It should be noted that the locations of the swirls marked by a red and cyan circle coincide with the locations of the magnetic flux enhancements that are observed in HMI (see Fig. 2) with the flux enhancement associated with the latter being much stronger. However, as already mentioned, there seem to be no notable BPs observed in Hα or Ca II 8542 Å associated with these HMI magnetic flux enhancements, but only a faint intensity enhancement in the 1600 Å and 1700 Å AIA channels associated with the location of the swirl marked by a cyan circle.

In the Ca II 8542 Å line (see Fig. 5 for indicative snapshots), most of the individual swirls are sometimes visible simultaneously with the corresponding Hα swirls, but usually as small, much fainter, and less thick dark patches and with a small spatial offset. In particular, the swirl marked by a red circle is notably the most visible one in line-centre and near line-centre Ca II wavelengths, following our previous suggestion that this is probably the core swirl of the large vortex flow. The swirls marked by the green and orange circles are hardly visible and are rarely observed compared to the swirl marked by the red circle, while the swirl marked by the cyan circle is not seen at all. This indicates that this swirl probably lies above the formation height of the Ca II 8542 Å line. This is also suggested by its noted interaction with nearby Hα fibril-like structures, which are not seen in the respective Ca II 8542 Å images.

The smaller size of the central swirl observed in the Ca II 8542 Å line compared to the larger size of the Hα conspicuous vortex flow fits the big picture of vortices being magnetically rotating structures whose diameters increase with height as a result of the decrease in the gas pressure balancing the magnetic pressure of the structure. The result is a funnel-like rotating structure, as also indicated by its area expansion in AIA channels.

It is not clear whether the aforementioned smaller swirls are manifestations of the intricate substructure of the large vortex flow itself or separate individual swirls that form and appear intermittently within and around the large conspicuous vortex flow. Swirls are thought to rotate approximately as rigid bodies (Wedemeyer-Böhm et al. 2012); however, this is probably not exactly the case. Any deviations from this uniform quasi-rigid body rotation in neighbouring layers of the vortex flow, induced by internal (e.g. waves) or external (e.g. nearby structures) factors, could create instabilities, and thus the temporal appearance of smaller eddies or vortices. Fedun et al. (2011b), for example, using full non-linear three-dimensional magnetohydrodynamic simulations of a vortex-driven magnetic flux tube, have shown that the twisting of an open flux tube by photospheric vortices leads to the formation of swirling patches higher in the atmosphere due to the spatially dependent frequency filtering of generated torsional Alfvén waves. The presence of waves in the vortex region will be extensively analysed in a future work.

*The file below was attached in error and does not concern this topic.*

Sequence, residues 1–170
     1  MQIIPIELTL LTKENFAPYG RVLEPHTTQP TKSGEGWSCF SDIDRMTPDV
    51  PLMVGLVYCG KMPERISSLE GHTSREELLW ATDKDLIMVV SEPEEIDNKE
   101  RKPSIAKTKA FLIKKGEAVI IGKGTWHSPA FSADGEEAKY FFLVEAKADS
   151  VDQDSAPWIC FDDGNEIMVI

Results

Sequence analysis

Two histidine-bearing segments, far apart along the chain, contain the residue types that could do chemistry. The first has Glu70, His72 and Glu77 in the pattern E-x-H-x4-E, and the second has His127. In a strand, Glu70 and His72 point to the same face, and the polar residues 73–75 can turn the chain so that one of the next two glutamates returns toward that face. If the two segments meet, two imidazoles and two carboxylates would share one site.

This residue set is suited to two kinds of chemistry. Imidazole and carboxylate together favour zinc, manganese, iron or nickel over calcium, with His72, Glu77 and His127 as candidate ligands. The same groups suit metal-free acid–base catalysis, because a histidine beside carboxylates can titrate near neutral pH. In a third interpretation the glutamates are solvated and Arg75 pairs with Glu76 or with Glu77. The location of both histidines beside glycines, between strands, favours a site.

The morphology of the conspicuous vortex flow and of the individual swirls in Hα includes all schematic patterns reported in literature to date (see Fig. 3 in Wedemeyer-Böhm & Rouppe van der Voort 2009, for an overview). The observed swirl patterns vary with time; occasionally rings (Figs. 4l and p), ring fragments (Figs. 4v and w), spirals (Figs. 4s and t), and spiral arms/arcs (Figs. 4j, m and t) are present. Sometimes more than one of these patterns can be seen. The observed swirl patterns are highly variable, with the exception of arcs that are visible for longer times. They fade away and reappear as a result of variable visibility also caused by nearby flows in the area and/or interactions with them. In the Ca II 8542 Å line, structures are not as clear as in Hα (see Fig. 5); mostly rings, ring fragments, and spiral arms/arcs are occasionally seen as parts of the smaller swirls.

Furthermore, in agreement with previous observations and simulations, lanes composed of leading bright rims and trailing dark edges are present (see Fig. 6) in underlying and nearby granules both in Hα and the Ca II 8542 Å line, which are considered a visible signature of horizontally oriented vortex tubes (Steiner et al. 2010). Our observations in both lines indicate the presence of such structures also in the blue wing, apart from the red wing where they have been examined in those observations and simulations. This suggests that the formation of such rims and edges, which has been mainly attributed to velocity, also has a significant contribution from opacity and temperature.

thumbnail Fig. 6

Indicative Hα and Ca II 8542 Å images at two extreme wing wavelengths indicating the positions (white rectangles) of the leading bright rims and trailing dark edges within the conspicuous vortex flow (yellow circle) discussed in Sect. 3.2.

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3.3. Doppler velocities